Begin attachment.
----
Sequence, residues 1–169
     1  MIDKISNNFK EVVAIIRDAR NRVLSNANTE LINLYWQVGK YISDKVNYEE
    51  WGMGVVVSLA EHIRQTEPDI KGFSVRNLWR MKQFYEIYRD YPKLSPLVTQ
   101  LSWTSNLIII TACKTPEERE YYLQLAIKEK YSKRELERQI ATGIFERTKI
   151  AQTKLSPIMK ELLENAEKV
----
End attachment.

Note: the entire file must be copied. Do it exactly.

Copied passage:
Sequence, residues 1–169
     1  MIDKISNNFK EVVAIIRDAR NRVLSNANTE LINLYWQVGK YISDKVNYEE
    51  WGMGVVVSLA EHIRQTEPDI KGFSVRNLWR MKQFYEIYRD YPKLSPLVTQ
   101  LSWTSNLIII TACKTPEERE YYLQLAIKEK YSKRELERQI ATGIFERTKI
   151  AQTKLSPIMK ELLENAEKV